BREAKING NEWS: Alleged Nazi misses court date, reportedly has fled country

ATLANTA - An 85-year-old suburban Atlanta man failed to show up Tuesday for a deportation hearing stemming from charges that he served as a Nazi concentration camp guard, and a federal immigration judge ordered him removed from the country.

Paul Henss of Lawrenceville is accused of training and handling attack dogs at the Dachau and Buchenwald concentration camps.

Federal immigration authorities said Henss has fled the U.S. and gone back to his native Germany. Edgar Chen, an attorney with the Department of Justice's Office of Special Investigations, said he contacted Henss' daughter, who lives in the Atlanta area, by telephone after her father failed to appear at a 1 p.m. court hearing. He said she told him that her father had fled the country.

The Department of Justice and Department of Homeland Security said that Henss, a German citizen, assisted in Nazi persecution of Jews, a crime punishable by deportation under U.S. immigration law.

The Department of Justice announced the action against Henss on Oct. 1.

U.S. Immigration Judge J. Dan Pelletier ordered Henss removed from the country after a 30-minute hearing conducted without Henss or an attorney on his behalf present, as is allowed by law. Henss had been served with a notice to appear for Tuesday afternoon's proceeding.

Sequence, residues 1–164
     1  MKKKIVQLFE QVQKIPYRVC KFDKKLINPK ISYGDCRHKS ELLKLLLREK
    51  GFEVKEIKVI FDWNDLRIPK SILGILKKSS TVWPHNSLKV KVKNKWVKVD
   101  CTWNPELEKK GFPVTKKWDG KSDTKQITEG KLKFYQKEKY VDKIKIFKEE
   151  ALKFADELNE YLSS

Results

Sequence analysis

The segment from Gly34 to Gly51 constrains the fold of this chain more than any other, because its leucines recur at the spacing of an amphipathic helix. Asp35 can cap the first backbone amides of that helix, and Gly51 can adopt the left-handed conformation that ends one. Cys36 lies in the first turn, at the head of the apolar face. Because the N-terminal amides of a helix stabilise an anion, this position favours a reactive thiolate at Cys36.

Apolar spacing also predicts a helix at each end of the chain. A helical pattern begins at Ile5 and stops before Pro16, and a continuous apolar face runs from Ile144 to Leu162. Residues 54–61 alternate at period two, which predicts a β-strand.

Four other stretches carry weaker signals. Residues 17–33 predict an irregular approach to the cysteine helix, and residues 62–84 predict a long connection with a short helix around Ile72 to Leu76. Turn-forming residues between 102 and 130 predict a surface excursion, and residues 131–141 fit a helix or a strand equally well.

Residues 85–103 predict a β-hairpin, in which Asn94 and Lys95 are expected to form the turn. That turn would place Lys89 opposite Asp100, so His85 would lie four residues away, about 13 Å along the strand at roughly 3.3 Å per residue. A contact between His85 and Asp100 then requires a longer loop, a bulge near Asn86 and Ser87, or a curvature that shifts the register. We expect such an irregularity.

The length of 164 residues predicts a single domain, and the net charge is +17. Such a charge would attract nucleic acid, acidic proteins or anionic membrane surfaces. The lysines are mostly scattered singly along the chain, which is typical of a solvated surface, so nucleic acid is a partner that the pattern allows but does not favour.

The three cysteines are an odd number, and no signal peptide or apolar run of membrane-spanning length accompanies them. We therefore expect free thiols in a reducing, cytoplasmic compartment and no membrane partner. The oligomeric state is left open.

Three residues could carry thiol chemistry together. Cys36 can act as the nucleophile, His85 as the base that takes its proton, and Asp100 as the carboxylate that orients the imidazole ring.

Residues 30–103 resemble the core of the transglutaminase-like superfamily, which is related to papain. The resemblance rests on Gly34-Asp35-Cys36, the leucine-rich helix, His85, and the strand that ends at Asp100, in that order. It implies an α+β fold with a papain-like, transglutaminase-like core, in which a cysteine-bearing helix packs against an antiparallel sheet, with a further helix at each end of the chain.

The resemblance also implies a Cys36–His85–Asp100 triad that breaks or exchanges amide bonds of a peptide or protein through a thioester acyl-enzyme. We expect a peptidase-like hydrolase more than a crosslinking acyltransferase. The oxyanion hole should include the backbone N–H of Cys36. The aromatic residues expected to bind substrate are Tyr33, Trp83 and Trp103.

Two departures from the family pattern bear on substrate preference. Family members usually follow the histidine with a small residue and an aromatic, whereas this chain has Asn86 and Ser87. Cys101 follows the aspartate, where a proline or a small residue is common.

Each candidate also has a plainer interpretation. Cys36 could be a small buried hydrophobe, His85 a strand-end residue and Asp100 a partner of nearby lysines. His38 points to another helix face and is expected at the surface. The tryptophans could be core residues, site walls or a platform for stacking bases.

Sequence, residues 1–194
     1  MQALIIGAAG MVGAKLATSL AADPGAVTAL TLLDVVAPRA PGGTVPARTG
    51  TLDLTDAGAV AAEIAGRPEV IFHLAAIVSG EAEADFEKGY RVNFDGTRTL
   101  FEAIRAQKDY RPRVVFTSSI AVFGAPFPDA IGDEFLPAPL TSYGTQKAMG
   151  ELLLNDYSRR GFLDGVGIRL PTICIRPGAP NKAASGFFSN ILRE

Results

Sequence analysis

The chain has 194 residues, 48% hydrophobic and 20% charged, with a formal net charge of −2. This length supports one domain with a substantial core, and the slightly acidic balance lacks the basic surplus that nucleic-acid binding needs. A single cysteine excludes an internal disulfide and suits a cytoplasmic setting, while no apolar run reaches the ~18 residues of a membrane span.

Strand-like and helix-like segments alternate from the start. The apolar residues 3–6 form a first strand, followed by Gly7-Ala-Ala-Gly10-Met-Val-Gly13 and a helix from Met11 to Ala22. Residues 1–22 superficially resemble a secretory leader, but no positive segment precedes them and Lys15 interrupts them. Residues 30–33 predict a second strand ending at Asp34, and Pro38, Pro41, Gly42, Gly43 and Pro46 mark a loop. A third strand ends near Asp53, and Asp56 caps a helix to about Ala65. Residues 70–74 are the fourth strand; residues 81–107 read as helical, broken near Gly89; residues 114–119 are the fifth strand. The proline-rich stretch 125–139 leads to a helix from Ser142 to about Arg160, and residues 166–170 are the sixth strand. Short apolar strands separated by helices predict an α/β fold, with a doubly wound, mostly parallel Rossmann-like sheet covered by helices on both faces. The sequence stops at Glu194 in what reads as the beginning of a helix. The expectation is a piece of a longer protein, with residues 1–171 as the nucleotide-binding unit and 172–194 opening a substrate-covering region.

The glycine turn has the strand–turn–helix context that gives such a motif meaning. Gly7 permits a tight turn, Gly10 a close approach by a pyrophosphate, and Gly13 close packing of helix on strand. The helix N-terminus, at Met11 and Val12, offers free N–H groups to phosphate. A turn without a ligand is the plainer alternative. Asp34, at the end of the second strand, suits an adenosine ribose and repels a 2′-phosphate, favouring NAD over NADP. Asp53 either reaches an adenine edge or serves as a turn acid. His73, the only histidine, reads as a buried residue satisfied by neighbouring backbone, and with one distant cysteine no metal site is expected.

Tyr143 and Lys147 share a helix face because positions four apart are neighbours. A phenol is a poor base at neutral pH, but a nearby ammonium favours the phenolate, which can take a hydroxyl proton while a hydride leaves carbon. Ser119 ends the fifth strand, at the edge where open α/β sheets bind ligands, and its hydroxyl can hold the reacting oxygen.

Chen told the judge that the Department of Homeland Security had confirmed that Henss left for Germany on Friday.

'The respondent's failure to appear at today's hearing is at his own peril,' Pelletier said before issuing his ruling.

Henss has no right to appeal the decision.

Telephone records list only one number in Henss' daughter's name in Gwinnett County. A man who answered at the number Tuesday said, 'I don't know where he is,' when asked about Henss whereabouts, and then hung up.

According to federal authorities, Henss joined the Hitler Youth organization in Germany in 1934 as a young boy and joined the Nazi Party in 1940.

He entered the Waffen SS in 1941 and volunteered the following year to become an SS dog handler, serving from 1942 to 1944 at the Dachau and Buchenwald concentration camps in Germany, the immigration document states.

There, Henss instructed other guards in the use of trained attack dogs to guard prisoners and prevent their escape, and personally guarded prisoners and forced-labor details to prevent escapes, authorities allege.

SS regulations during Henss' time of service said dogs were to be trained 'to 'bite without mercy' and to literally tear prisoners to pieces if they attempted to escape,' the document states.

Henss admitted in a sworn statement March 13 that he served as an SS guard at Dachau and Buchenwald for two to three months each as a dog handler, according to the charging document.

When questioned by the media at his home last month, Henss acknowledged training dogs but said he fought in Russia and never set foot inside Dachau or Buchenwald.

'The training of dogs was no crime,' Henss said with his wife sobbing next to him outside their well-kept one-story brick house. 'I was not training them to hurt people.'

Henss said that when he came to the U.S. 33 years ago, he did not tell immigration officials about his military service in Germany and was not asked.

The deportation case was filed after a review of German records, prosecutors said. Jaclyn Lesch, a Justice Department spokeswoman, said the government does not plan to file criminal charges against Henss.

He said he has lived in Georgia for 10 years.

The Office of Special Investigations, which handles cases against people accused of being former Nazis, began operations in 1979. Authorities said it has won cases against 106 participants in Nazi crimes.